According to data from the U.S. National Restaurant Association cited by a press release, the industry has a shortage of over one million workers compared to pre-pandemic times. In dangerous contrast, according to the release, OpenTable data shows dining is up 30 per cent from pre-pandemic levels as of September, and statistics from Indeed show job postings in the food industries have increased by nearly 40 per cent since February 2020.
In order to help close that perilous gap, the two companies are launching the Interview Days: Restaurant Jobs initiative in October. Beginning Friday, October 1, the program will run for the entire month and offer free online tools to help restaurateurs find workers and interview them.
An additional portal will also empower job seekers to discover open positions and access resources to help them succeed in their job search in the restaurant industry, according to a press release.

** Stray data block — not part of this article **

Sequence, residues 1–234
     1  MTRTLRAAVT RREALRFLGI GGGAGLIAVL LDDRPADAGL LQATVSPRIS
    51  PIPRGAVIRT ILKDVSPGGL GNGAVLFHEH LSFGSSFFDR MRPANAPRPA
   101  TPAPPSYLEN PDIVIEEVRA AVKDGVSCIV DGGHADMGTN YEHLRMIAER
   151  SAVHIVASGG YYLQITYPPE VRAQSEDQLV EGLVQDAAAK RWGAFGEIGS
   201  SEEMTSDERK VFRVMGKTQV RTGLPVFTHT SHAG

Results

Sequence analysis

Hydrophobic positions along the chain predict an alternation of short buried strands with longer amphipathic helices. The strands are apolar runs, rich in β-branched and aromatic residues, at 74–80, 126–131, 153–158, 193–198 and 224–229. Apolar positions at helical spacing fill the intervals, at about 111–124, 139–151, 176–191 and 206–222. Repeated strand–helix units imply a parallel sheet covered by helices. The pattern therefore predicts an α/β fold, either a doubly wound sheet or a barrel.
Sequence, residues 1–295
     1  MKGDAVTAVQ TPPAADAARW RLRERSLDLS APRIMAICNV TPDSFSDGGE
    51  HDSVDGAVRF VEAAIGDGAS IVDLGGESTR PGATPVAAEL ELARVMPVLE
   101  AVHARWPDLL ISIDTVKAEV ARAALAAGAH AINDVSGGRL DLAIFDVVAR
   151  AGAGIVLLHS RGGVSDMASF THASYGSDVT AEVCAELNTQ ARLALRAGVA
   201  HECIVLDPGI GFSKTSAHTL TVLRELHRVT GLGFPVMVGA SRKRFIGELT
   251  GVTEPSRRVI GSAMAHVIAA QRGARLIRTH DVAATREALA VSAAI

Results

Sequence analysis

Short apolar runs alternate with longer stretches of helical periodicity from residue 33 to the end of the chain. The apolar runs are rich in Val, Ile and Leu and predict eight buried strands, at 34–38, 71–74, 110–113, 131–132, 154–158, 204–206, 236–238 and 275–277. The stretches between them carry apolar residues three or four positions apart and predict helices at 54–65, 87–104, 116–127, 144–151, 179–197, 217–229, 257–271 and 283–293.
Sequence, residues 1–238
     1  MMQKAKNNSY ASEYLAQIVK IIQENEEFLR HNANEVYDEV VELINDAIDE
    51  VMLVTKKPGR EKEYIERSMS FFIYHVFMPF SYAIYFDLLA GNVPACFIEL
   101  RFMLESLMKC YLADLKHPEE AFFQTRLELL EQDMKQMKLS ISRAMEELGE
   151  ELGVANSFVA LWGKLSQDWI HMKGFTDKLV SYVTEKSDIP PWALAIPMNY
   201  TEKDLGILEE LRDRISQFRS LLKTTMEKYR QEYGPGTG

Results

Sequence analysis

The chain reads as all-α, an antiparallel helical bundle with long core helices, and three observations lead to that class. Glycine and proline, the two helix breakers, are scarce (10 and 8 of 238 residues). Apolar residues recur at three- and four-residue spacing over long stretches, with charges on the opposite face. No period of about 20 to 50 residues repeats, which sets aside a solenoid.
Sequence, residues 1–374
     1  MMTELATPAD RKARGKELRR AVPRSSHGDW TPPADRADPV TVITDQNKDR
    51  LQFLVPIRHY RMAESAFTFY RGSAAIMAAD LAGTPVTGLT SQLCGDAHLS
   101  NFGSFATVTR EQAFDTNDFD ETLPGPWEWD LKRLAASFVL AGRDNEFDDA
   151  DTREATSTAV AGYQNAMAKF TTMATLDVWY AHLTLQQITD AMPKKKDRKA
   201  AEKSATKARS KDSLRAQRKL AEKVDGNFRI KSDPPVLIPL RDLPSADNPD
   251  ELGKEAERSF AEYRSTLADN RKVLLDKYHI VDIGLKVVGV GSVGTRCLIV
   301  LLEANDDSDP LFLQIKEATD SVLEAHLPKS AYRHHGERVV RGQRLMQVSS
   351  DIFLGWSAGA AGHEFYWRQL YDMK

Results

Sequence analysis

“It has been an extraordinarily hard time for local restaurant and foodservice businesses,” Raj Mukherjee, SVP and GM of SMB at Indeed, said in the release. “When the pandemic hit last year, many had to shut down or significantly reduce operations. Now as they reopen and more people want to return to in-person dining, local restaurants and foodservice employers are struggling to hire enough qualified workers to meet the consumer demand that will help them rebuild.
“With this hiring initiative, we want to help employers navigate the current labour market, using our resources to highlight their open roles and to help them hire job seekers interested in careers in the industry.”
Debby Soo, CEO, OpenTable, added: “Throughout the pandemic, we focused our energy on tech solutions to help our partners survive and navigate changing protocols, but now, we need to bring awareness to the labour shortage. Staffing is one of the most pressing challenges facing restaurants today – we’re excited to partner with Indeed to help restaurants overcome this latest obstacle on their road to recovery.”
The labour shortage has been attributed to myriad factors including lengthy industry closures, historically low wage competitiveness in the kitchen, insecurity, and health fears, among others, restaurants are finding trouble hiring workers as foot traffic and diner demand rebounds strongly.